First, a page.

Birmingham Royal Ballet’s Giselle

imagesThis is my third Giselle in a year, and I think the one I liked best. Birmingham Royal Ballet’s production (Galina Samsova/David Bintley) holds on to the traditions, and sometimes the familiar is appealing. (I found Akram Khan’s production with English National Ballet intellectually interesting but not necessarily as enjoyable). It’s an odd ballet, really: one of the great classics of the Romantic tradition, which begins like a fairytale, set in a vaguely medieval, Germanic village, where a prince in disguise seeks out the beautiful village girl he has seen. There is even a (well-behaved, beautiful) real horse on stage. The first act can be cloying, with all the happy dances of the villagers and the growing love between Giselle and Albrecht (Mathias Dingman), with the jealous discarded lover Hilarion (Lachlan Monoghan) looking on, but this production stays just the right side of sentimental, with Miki Mizutani as Giselle being in turn modest, compellingly coquettish, and then deranged, but never mawkish; she shows off as much as her lover, revelling in the developing flirtation…until it all goes wrong.  Love is dangerous for women in ballets.

109978_2_f9x8yiThe second act is more exciting and beautiful, though we have been set up for it perfectly by the sudden fall of tragedy at the end of the first act, when Giselle realises that Albrecht is betrothed to Bathilde and thus not free to marry her. Her dance of insanity ends with her stabbing herself with Albrecht’s sword, and as her mother holds her, the curtain falls. Act Two, then, is set in a wonderfully Gothic ruined abbey, with Giselle’s grave and the mourning Hilarion (who I’ve secretly always felt rather sorry for). Then the Wilis appear: women who died by their own hand before their wedding after betrayal by their fiance. These Wilis are perfect: they fly in, swooping down the stage from the air, gliding ethereally with their impeccable bourrees, veiled with filmy draperies, slipping behind the unsuspecting Hilarion and Albrecht in a ghostly mimicry of the pantomimic effects of the first act (she’s behind you…)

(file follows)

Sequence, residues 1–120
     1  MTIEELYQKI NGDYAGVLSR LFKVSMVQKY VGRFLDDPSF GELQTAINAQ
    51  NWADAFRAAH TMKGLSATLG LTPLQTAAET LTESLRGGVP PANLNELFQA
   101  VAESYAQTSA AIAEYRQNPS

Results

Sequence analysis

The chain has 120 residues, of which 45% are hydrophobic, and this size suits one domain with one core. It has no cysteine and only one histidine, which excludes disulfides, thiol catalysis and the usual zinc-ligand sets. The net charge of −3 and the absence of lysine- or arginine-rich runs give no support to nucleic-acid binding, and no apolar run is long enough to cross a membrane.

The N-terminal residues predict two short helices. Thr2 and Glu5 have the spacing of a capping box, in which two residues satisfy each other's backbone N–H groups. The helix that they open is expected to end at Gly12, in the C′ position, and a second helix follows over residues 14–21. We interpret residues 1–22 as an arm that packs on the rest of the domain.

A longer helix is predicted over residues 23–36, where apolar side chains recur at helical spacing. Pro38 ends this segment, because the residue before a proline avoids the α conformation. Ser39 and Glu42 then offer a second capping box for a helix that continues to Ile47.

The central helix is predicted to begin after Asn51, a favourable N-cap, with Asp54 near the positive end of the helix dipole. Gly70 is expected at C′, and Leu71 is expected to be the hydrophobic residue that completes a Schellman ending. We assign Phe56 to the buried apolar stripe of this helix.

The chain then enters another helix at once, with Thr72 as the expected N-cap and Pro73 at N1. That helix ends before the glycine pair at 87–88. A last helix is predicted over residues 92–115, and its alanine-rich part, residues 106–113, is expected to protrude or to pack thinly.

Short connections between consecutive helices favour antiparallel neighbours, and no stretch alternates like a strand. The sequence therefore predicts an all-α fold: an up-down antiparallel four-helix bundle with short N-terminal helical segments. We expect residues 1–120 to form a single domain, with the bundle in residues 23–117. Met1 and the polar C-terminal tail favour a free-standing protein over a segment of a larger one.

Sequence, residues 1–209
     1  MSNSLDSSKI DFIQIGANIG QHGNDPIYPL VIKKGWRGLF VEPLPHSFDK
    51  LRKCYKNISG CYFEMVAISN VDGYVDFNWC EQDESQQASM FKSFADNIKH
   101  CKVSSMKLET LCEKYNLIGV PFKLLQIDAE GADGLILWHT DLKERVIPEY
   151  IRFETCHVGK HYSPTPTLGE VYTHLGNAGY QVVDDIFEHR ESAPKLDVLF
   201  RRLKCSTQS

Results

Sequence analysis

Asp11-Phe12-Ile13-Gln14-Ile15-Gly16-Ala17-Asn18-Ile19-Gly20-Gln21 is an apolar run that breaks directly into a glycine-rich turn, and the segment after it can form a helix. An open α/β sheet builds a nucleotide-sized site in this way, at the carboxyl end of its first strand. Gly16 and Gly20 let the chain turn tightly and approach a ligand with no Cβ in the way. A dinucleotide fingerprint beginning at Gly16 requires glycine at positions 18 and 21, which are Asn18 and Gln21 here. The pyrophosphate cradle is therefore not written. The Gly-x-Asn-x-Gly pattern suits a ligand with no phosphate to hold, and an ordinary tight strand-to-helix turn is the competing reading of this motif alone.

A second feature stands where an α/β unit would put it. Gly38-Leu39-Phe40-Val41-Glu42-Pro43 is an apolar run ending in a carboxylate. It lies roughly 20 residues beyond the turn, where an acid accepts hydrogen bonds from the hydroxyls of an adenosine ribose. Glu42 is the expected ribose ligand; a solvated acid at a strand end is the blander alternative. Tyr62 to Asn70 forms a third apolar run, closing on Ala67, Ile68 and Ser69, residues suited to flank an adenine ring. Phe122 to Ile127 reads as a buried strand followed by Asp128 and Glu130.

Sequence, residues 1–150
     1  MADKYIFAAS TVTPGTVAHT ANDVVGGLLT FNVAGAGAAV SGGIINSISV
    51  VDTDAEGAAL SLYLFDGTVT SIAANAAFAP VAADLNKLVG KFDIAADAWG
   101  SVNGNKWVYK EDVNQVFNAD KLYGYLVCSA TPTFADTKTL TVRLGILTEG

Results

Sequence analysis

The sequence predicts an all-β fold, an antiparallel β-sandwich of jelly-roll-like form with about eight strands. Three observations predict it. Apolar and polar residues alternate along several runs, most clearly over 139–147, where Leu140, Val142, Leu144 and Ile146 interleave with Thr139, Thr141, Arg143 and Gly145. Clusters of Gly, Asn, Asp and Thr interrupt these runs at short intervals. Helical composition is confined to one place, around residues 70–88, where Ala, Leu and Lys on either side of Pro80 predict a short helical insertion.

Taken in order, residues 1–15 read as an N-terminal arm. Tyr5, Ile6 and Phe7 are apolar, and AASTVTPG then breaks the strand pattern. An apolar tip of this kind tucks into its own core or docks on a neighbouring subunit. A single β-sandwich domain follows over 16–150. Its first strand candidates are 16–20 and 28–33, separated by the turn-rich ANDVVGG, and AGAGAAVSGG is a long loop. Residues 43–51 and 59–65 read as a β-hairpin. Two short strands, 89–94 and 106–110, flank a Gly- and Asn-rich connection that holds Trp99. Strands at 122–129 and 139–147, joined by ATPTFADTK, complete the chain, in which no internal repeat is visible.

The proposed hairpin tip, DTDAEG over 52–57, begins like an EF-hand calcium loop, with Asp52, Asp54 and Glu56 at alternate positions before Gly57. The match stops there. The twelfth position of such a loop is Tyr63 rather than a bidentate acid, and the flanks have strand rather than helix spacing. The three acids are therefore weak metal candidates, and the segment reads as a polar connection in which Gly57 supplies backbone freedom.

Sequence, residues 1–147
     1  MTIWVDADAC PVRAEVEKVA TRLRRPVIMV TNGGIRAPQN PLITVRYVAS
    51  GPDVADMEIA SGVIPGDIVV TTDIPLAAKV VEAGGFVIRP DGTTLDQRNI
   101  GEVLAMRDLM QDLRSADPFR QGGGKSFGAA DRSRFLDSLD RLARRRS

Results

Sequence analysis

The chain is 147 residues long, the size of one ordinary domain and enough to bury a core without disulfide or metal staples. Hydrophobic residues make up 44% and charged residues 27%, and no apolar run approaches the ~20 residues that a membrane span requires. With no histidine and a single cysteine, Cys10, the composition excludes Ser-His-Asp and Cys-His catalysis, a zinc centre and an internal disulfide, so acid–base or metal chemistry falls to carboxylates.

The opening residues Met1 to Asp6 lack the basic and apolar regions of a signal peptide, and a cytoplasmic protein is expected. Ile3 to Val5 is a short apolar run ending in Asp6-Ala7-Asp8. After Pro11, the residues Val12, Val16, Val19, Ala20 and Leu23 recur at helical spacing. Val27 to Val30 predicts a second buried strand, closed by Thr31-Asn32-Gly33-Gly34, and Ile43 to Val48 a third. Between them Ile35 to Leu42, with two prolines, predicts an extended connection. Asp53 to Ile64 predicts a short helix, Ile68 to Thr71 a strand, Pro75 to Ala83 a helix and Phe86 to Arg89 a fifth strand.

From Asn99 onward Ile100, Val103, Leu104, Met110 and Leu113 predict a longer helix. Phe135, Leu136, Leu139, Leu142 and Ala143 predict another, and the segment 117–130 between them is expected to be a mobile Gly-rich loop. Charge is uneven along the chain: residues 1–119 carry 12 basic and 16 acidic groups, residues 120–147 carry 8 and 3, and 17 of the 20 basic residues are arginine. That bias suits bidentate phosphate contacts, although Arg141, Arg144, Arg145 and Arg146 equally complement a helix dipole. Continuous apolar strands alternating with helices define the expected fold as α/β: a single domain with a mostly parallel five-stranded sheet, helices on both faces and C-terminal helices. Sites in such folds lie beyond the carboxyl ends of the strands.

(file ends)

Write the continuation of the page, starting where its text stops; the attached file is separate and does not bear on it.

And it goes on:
The Wilis are an interesting breed: they play the role of the Furies, seeking vengeance on men for the damage they carelessly do to women; they dance to death any man who 424arrives during the dark hours, and there is something ancient and mythical about them which seems to have some modern feminist resonances. Hilarion’s death has always struck me as a bit unfair, having said that (he might be jealous but none of this is really his fault) but the focus of this second act is Giselle’s protection of Albrecht from Myrtha, Queen of the Wilis. I’ve always liked Myrtha, danced last night impressively and chillingly by Yijing Zhang, for her leadership of this terrifying company of woman, who dance together freed from the male gaze. There was a real feeling of liberation and power in the Wilis, with a sinister uniformity of movement combined with exquisite expression. It’s the pas de deux with Giselle and Albrecht, with its wonderful symmetry of movement, which is particularly moving, though, indicating a deeper love between them that the first act could, before the Wilis, flitting no longer but closing in with purpose as they circle and befuddle him, begin their dance of death.

To be logical, Albrecht doesn’t deserve Giselle’s defence, but when does logic ever matter in love or ballet? These are the most beautiful moments of the performance, I think, perhaps because the power balance has shifted and Giselle can now control Albrecht’s destiny. There are some spectacular moments in Dingman’s performance as he dances with the Wilis, including the incredible, endless entrechats (which deserved more applause than they got), and as the Wilis vanish when dawn breaks, and he collapses in grief and exhaustion on Giselle’s grave, there is a powerful sense of desolation which (even after several Giselles) I found genuinely moving. It’s fascinating how an excellent cast can take what could be a rather too camp, slightly farcical ballet and turn it into something transcendent.

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